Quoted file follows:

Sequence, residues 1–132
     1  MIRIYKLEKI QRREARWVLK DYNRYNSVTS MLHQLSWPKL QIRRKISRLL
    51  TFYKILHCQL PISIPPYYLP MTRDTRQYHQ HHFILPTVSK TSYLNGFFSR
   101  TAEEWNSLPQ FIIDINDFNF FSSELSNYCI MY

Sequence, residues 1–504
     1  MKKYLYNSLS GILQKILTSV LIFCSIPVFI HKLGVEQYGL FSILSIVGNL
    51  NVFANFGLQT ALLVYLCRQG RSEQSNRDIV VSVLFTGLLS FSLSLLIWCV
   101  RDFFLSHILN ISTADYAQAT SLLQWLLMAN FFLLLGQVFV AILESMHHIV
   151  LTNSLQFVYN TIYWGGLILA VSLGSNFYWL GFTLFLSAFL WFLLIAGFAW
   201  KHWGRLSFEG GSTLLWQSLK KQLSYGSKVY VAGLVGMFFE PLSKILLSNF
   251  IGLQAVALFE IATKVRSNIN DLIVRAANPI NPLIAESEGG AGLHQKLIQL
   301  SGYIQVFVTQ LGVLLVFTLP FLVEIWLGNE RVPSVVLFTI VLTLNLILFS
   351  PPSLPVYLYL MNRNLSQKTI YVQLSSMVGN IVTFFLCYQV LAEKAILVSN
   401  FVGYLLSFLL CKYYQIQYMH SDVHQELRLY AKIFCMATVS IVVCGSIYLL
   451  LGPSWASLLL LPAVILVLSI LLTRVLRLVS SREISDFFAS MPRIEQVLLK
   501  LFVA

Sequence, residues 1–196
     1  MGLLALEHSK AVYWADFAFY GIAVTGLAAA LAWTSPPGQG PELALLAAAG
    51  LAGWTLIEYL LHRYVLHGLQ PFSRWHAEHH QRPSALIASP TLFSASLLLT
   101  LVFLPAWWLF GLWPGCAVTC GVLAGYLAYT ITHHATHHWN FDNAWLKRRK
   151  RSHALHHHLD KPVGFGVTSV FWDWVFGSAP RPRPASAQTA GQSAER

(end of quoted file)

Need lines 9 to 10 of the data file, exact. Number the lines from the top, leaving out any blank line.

   151  LTNSLQFVYN TIYWGGLILA VSLGSNFYWL GFTLFLSAFL WFLLIAGFAW
   201  KHWGRLSFEG GSTLLWQSLK KQLSYGSKVY VAGLVGMFFE PLSKILLSNF